How to Make or Break a Business?Thu, 05/09/2019 - 10:13
Regardless of their focus or area of expertise, companies live under an undeniable premise: to renew or die. This is true for companies of all sizes and regardless of whether they are new to the market or have years of accumulated experience, according to four decision-makers from four Mexican companies at Mexico Business Forum at the Marquis Reforma hotel in Mexico City on Wednesday.
The four leaders shared their vision and strategies for sustained growth in a discussion led by Roberto Corral, President of the aerospace industry manufacturer Innocentro.
Carlos Lukac, Director General of the 148-year-old funerary company Gayosso, said the key to innovation in an old and traditional industry is finding added-value services that can meet clients’ needs and expectations. “We are all about breaking paradigms. Though we might be in the funerary business, we must consider ourselves part of the hospitality and real-estate sector,” he said. “In that sense, we must think as hoteliers and realters and optimize our service, occupancy rates and average ticket value.”
Mario Rodríguez, CEO of camshaft manufacturer Arbomex, agreed with Lukac in his views on the importance of innovation, saying that this is a priority that must be cultivated from within. “Innovation comes from a corporate culture. To innovate, you have to believe, then create and then grow,” he said. “Similarly, you need creativity to face any obstacles that might emerge. Creativity can drive a business and even make it disruptive.”
The challenges Rodríguez mentioned, however, vary depending on the stage at which the company finds itself. For more consolidated companies, obstacles might refer to the best strategies to sustain growth; for newer players, the challenge might be to properly establish a defined value proposition to compete in the market. Rodrigo Vargas, Founder of MeroMole, a consulting company focused on the restaurant sector, highlighted that even though his company had a unique offering, it still faced challenges related to inherent conditions in the market. “90 percent of all restaurateurs do not hire professional services to build their business. Most business owners think they can make it on their own, but the fact is that eight out of every 10 restaurants close before their five-year anniversary,” he said.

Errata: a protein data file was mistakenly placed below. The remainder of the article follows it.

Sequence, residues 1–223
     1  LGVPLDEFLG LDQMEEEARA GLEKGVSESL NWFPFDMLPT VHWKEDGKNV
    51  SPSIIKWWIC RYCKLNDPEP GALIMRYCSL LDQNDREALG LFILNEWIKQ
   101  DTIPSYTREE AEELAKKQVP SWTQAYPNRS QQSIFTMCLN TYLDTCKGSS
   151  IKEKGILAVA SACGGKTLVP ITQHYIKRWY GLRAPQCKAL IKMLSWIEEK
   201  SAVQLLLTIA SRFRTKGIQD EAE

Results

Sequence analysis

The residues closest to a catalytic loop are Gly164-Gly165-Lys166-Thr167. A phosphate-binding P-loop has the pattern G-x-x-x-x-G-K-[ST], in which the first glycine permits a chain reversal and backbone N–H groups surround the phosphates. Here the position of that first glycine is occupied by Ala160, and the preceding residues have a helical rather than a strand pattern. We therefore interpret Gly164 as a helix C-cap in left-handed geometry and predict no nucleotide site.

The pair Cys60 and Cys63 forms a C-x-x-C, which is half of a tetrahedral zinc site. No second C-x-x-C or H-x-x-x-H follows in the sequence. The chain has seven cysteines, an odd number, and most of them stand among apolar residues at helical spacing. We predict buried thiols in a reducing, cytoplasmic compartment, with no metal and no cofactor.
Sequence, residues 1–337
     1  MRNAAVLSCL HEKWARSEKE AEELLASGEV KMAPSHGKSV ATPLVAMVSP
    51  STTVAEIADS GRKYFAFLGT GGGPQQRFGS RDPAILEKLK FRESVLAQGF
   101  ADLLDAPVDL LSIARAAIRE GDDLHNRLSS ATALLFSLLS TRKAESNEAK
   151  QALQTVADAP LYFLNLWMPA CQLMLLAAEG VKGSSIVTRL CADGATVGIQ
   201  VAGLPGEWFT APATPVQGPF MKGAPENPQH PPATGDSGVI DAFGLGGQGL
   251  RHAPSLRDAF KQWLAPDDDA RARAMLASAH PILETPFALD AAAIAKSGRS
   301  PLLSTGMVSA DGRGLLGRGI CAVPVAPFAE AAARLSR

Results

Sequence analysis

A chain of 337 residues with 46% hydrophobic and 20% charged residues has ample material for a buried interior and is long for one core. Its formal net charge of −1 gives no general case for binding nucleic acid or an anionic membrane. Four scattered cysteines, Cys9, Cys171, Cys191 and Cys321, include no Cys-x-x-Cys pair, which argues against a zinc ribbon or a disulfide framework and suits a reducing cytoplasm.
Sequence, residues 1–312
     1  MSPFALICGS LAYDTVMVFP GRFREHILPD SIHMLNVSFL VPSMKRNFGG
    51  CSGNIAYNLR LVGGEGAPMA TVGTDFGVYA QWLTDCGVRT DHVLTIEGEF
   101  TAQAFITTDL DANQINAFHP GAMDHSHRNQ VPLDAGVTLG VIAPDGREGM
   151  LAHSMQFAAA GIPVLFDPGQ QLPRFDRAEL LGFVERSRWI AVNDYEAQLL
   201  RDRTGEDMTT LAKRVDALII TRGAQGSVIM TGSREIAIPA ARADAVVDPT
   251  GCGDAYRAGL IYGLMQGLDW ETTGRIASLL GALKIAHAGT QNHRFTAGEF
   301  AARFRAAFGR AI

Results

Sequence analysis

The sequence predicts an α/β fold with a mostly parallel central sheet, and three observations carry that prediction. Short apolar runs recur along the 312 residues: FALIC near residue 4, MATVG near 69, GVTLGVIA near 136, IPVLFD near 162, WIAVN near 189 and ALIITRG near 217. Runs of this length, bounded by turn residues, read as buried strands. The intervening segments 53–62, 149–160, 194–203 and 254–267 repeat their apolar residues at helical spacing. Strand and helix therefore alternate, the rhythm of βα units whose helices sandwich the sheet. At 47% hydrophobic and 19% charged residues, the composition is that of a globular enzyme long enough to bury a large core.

Leonardo Cortina, Director General of miituo, on the other hand, faced the challenge of entering a consolidated and traditionalist industry. As an insurance broker with a disruptive model to sell cheaper auto policies charged by kilometer, Cortina had to approach insurance companies with a strategy that could generate interest among players with greater market experience. However, there is always untapped potential to draw from, he said. “People want to take care of their investments but they do not want to contract a policy because they do not use their car often enough. Our business proposal, therefore, tackled a market segment that insurers had not been able to properly address,” he said.
The risk in finding a proper business model might be more apparent for young companies but Corral also brought up the disruptive nature of technology and its impact on companies that have been working in an industry for years. As a consolidated company in the automotive industry and the second-largest camshaft manufacturer in the world, Arbomex is no stranger to the industry’s transformation toward electric vehicles and for Rodríguez, the best way to target this challenge is by understanding the market and the way the company can change its business to adapt to new conditions. “Electric vehicles might not represent our sudden death but they are certainly worthy of attention,” he said. By 2035, Rodríguez says Arbomex wants to remain the biggest camshaft company in the world but it has also worked to open new market niches and to adopt new materials and processes to participate in a renovated industry.
Meanwhile, Lukac highlighted the importance of the human factor in reinvigorating a business. “People are the source of all innovation and renovation,” he said. He also pointed out that before thinking about what is next for the company, its management must establish a strategic discipline vision to make sure it has already taken the most advantage from its current market. “The grass is always greener on the other side. However, we must learn to take advantage of the opportunities that other players and industries have learned to seize,” he said.